Federal marshals direct the enforcement arm of the federal courts in 94 districts in the U.S. They apprehend federal fugitives, protect the federal judiciary, operate the Witness Security Program, transport federal prisoners and seize property acquired by criminals through illegal activities.
Kendall’s future business partner DuHadway was the supervisory agent for the FBI in the Western District of Michigan while Kendall was marshal, so they often worked together and eventually became close friends.
A bomb dropped on Kendall's career with the election of Bill Clinton, whose administration "encouraged me to resign," said Kendall. With his military service, he would qualify for a federal pension — at age 62. But that was little solace.
"I was 50 at the time," said Kendall, with 31 years in law enforcement. "I had been carrying a badge and a gun since I was 19 — and then it was over," he said.
He received some offers from communities seeking an experienced chief of police, he said, "but I didn't want to leave the Grand Rapids area."
Meanwhile, DuHadway had retired from the FBI at the same time Kendall left the U.S. Marshal post. The two talked about their futures and pondered what to do next. They decided to start a security service.
"Two 50-year-old cops going into the business world," recalled Kendall, chuckling at the thought. "We'd had careers of putting people in prison, and now we had to go out and become businessmen."
In June 1995, Kendall and DuHadway hired five brand new graduates of GVSU with degrees in police administration, and their first job was providing daytime security patrols on the former pedestrian mall on Monroe Avenue in downtown Grand Rapids.
He said he and DuHadway soon learned they had to "de-federalize" to make it in the business world.
One of the most challenging aspects of his federal job had been managing the federal witness protection program, with "half of the mobsters in the country trying to kill your protectee." Every day had meant dealing with a serious potential threat, but now Kendall and his partner realized there was no significant threat level at the annual home-and-garden show.
From being in high-profile positions of responsibility and authority that were backed up by the immense power of the U.S. government, they had to do an about face and learn a different style of management. They had assumed they could transfer their valuable investigative skills to their business, but they learned that what businesses and organizations needed most was security, not investigations.
"We didn't realize that," said Kendall.
DK provides security at Grand Rapids Griffins games and Lugnuts games in Lansing, and at many entertainment events in the Van Andel Arena and DeVos Performance Hall. DK had the security contract at the Rothbury music festival for last year and this year, where they deployed about 300 of their employees for four or five days.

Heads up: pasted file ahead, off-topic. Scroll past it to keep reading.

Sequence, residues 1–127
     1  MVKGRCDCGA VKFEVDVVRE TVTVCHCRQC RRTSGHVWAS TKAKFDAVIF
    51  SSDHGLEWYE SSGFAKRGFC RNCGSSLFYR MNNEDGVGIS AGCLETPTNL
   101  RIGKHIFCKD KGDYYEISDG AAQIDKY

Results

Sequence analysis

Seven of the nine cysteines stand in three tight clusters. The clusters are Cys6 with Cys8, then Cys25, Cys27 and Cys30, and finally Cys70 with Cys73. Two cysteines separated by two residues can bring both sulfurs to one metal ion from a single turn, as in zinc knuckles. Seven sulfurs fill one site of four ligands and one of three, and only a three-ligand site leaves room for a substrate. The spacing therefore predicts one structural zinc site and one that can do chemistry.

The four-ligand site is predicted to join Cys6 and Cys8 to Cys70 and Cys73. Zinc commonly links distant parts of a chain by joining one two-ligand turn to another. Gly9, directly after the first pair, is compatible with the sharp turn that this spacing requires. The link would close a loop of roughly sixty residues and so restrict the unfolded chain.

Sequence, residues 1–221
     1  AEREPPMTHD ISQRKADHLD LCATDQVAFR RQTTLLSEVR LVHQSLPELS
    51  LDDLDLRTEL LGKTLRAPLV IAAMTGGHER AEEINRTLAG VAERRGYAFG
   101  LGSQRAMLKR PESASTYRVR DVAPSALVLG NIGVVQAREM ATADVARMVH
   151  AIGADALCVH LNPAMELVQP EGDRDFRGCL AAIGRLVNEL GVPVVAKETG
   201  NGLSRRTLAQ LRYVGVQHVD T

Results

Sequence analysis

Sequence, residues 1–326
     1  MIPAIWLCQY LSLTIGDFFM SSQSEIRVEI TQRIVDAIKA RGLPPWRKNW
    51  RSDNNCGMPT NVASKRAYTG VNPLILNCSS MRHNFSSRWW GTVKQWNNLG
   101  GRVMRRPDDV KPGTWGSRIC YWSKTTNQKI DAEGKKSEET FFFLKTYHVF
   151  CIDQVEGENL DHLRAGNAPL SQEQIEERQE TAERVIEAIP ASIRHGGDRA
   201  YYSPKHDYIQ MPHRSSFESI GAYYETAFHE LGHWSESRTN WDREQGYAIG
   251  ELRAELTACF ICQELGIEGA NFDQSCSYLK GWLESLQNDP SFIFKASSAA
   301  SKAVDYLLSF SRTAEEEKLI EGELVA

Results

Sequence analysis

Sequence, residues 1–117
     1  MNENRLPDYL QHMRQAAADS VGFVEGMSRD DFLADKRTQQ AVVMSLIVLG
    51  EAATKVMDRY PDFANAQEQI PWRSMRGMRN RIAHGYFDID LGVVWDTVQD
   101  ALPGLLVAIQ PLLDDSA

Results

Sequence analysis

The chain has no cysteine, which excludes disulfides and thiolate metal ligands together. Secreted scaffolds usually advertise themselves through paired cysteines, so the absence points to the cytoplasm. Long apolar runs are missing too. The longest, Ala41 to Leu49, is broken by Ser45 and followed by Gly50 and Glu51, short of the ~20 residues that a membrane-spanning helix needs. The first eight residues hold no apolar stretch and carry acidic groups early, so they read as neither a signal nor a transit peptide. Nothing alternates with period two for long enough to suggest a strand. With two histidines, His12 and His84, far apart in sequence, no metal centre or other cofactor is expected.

"We're not there to create an adversarial environment," said Kendall. His security guards are there to maintain a "hospitality environment," by being helpful and polite to everyone they meet and by being vigilant for any threats to that peaceful environment.
"Our guards are taught how to communicate with people in a non-threatening way," he said. "I call it ‘hospitality security.’"
Each DK security guard is trained to always keep in mind the "GIFTS" of their work. The acronym stands for greeting, information, friendly environment, thank you and security.
While DK does have 24 armed and specially trained employees who serve as plainclothes "executive protection," the vast majority of its employees are in uniform, working at doorways and at public events.
Lately, Kendall has formed a house of worship security network.
"Aren't we the church capital of the U.S.?" he said, joking. But the reality is, he said, "We think churches are vulnerable to crime."
A couple of notorious killings in American churches lately seem to back that up, but much of the threat is less evident, such as thieves and pedophiles.
DK has church clients, but "we're doing a lot of it for free," he said. "It" means consulting: giving church officials advice on how to avoid criminal activity.
DK Security also avoids a lot of problems with its own employees by doing extensive testing before hiring, and provides testing and screening services to its clients, as well.